Nuclear News on the Newswire

NASA and DOE sign MOU on interplanetary nuclear propulsion

A “visionary view” of a nuclear thermal propulsion–enabled spacecraft mission. Image: NASA

Secretary of Energy Dan Brouillette and NASA Administrator Jim Bridenstine on October 20 signed a memorandum of understanding to continue decades of partnership between the Department of Energy and NASA and to support the goals of NASA’s Artemis program. These include landing the first woman and the next man on the moon by 2024 and establishing sustainable lunar exploration—using nuclear propulsion systems—by the end of the decade to prepare for the first human mission to Mars.

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Vogtle project team reports delays, holds to approved start dates

In testimony filed last week with the Georgia Public Service Commission, Georgia Power and Southern Nuclear acknowledge that the “aggressive” target dates set in July for some of the Vogtle construction project’s upcoming milestones have had to be pushed back by a few months. At the same time, however, the companies continue to express confidence in being able to meet the regulatory-approved commercial start dates for the new reactors—November 2021 for Unit 3 and November 2022 for Unit 4.

The testimony was filed in support of Georgia Power’s Twenty-third Semi-annual Vogtle Construction Monitoring Report, released in August, which covers the period from January 1 to June 30, 2020.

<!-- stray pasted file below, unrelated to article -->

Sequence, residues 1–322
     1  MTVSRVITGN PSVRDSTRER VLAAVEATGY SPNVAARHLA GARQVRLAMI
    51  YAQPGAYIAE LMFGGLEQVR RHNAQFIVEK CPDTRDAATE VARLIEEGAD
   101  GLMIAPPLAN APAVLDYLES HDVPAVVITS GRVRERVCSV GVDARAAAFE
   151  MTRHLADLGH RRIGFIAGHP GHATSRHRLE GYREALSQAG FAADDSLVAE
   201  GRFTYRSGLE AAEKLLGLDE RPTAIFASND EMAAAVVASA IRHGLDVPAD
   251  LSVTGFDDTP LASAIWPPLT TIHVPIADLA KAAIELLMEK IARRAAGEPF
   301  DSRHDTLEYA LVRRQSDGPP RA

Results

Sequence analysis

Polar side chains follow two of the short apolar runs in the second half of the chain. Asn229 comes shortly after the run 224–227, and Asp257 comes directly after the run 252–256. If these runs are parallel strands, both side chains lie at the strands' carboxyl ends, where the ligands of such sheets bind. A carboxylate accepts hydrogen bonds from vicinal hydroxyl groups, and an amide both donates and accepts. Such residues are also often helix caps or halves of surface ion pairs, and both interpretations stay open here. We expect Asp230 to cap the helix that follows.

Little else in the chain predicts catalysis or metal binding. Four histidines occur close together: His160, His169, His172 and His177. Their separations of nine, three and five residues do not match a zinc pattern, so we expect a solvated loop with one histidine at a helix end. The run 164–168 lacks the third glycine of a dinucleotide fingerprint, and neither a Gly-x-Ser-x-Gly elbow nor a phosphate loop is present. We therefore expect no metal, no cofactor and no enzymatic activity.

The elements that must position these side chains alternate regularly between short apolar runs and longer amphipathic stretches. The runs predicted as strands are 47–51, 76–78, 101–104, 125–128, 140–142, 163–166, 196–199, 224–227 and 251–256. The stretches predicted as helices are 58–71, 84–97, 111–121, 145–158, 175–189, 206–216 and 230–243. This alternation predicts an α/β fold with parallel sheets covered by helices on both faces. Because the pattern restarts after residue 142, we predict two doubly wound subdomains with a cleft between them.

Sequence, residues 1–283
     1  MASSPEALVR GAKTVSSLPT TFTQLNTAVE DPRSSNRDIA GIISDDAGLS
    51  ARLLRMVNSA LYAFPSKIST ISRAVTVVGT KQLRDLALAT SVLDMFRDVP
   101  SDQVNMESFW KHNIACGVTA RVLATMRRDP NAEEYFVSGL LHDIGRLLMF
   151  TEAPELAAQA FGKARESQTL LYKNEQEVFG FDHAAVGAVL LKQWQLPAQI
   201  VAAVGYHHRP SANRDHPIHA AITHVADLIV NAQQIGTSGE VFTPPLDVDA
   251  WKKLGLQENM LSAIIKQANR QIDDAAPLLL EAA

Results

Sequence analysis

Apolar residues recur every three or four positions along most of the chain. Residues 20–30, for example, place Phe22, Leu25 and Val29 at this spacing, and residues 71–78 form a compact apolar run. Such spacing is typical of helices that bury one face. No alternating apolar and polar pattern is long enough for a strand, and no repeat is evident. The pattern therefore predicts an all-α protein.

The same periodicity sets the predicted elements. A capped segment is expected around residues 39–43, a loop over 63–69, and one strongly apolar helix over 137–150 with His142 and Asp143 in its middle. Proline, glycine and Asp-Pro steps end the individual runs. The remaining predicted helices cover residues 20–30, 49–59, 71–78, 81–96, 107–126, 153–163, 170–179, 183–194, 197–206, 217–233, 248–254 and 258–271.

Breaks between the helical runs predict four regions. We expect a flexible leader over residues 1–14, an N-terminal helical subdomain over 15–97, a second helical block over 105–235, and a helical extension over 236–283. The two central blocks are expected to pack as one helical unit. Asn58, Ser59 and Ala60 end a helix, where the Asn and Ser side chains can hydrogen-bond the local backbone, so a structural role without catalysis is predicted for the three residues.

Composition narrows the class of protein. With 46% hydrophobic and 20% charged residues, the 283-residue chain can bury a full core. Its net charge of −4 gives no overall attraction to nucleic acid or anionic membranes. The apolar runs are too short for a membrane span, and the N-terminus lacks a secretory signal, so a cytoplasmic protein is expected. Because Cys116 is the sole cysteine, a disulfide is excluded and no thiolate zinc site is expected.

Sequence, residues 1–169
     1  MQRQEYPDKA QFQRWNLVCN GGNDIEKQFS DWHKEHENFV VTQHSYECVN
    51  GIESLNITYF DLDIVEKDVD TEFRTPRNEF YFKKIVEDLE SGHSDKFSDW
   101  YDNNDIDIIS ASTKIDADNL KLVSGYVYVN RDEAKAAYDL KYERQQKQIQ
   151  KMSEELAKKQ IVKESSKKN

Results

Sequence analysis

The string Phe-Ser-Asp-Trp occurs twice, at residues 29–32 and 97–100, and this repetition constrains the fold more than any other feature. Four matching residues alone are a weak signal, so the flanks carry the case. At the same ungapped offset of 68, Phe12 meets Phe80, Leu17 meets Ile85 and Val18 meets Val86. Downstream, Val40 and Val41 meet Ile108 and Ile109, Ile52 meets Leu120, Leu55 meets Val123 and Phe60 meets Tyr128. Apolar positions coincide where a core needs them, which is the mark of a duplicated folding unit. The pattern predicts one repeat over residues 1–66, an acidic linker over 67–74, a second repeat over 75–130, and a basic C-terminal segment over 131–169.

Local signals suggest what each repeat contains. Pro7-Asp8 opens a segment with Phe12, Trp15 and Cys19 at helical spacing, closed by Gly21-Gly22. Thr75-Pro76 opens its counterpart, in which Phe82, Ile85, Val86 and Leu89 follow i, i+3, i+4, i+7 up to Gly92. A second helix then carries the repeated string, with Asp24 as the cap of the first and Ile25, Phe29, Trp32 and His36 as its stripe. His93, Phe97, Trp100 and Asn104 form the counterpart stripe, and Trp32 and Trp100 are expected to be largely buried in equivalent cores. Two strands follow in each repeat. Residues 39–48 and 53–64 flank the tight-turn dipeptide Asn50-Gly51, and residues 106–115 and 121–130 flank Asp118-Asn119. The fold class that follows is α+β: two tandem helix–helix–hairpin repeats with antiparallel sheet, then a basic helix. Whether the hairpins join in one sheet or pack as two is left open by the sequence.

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First Hualong One reactor achieves initial criticality

Unit 5 at China National Nuclear Corporation’s (CNNC) Fuqing nuclear power plant has achieved initial criticality, becoming the very first Hualong One reactor to reach that milestone, the company announced on October 22. If all goes according to schedule, the unit will enter commercial operation later this year.

Fuel loading for Unit 5 began on September 4, following the issuance of the reactor’s operating license by China’s Ministry of Ecology and Environment. The loading of 177 sets of fuel assemblies was completed on September 10.

Also known as the HPR1000, the Hualong One is a Chinese-designed, 1,000-MWe Generation III pressurized water reactor. Fuqing-5’s twin HPR1000, Fuqing-6, is scheduled to start contributing power to the grid next year.

Located in China’s Fujian Province, Fuqing also houses four 1,000-MWe CPR-1000 PWRs, with commercial start dates of November 2014, October 2015, October 2016, and September 2017.

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Bruce Power harvests Co-60 for use against COVID-19

Bruce Power has harvested a second batch of Co-60 this year. Image: Bruce Power

Bruce Power announced on October 22 that it has completed its second harvest of cobalt-60 this year during an outage of Unit 8 of the Bruce nuclear power plant in Kincardine, Ontario, Canada. The company said that with this latest harvest, it will have provided the world enough of the medical isotope to sterilize 20 billion–25 billion pairs of gloves or COVID-19 swabs.

The Co-60 will be sent to Ottawa-based Nordion for processing and distribution over the next several weeks, according to Bruce Power. From there, the isotope will be shipped around the world for use in gamma irradiation to sterilize medical devices such as single-use gowns, surgical gloves, scalpels, syringes, and other critical health care equipment.

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Missouri S&T’s nuclear engineering program gains department status

Missouri S&T’s pool-type nuclear reactor. Photo: Sam O’Keefe/Missouri S&T

Sixty years ago, the Missouri University of Science and Technology (Missouri S&T), then known as the University of Missouri at Rolla, was one of the first U.S. institutions to offer a nuclear engineering degree. Now, decades after it was offered as an option within metallurgical engineering, Missouri S&T’s nuclear program has attained new status as the Nuclear Engineering and Radiation Science Department, the university announced on October 20.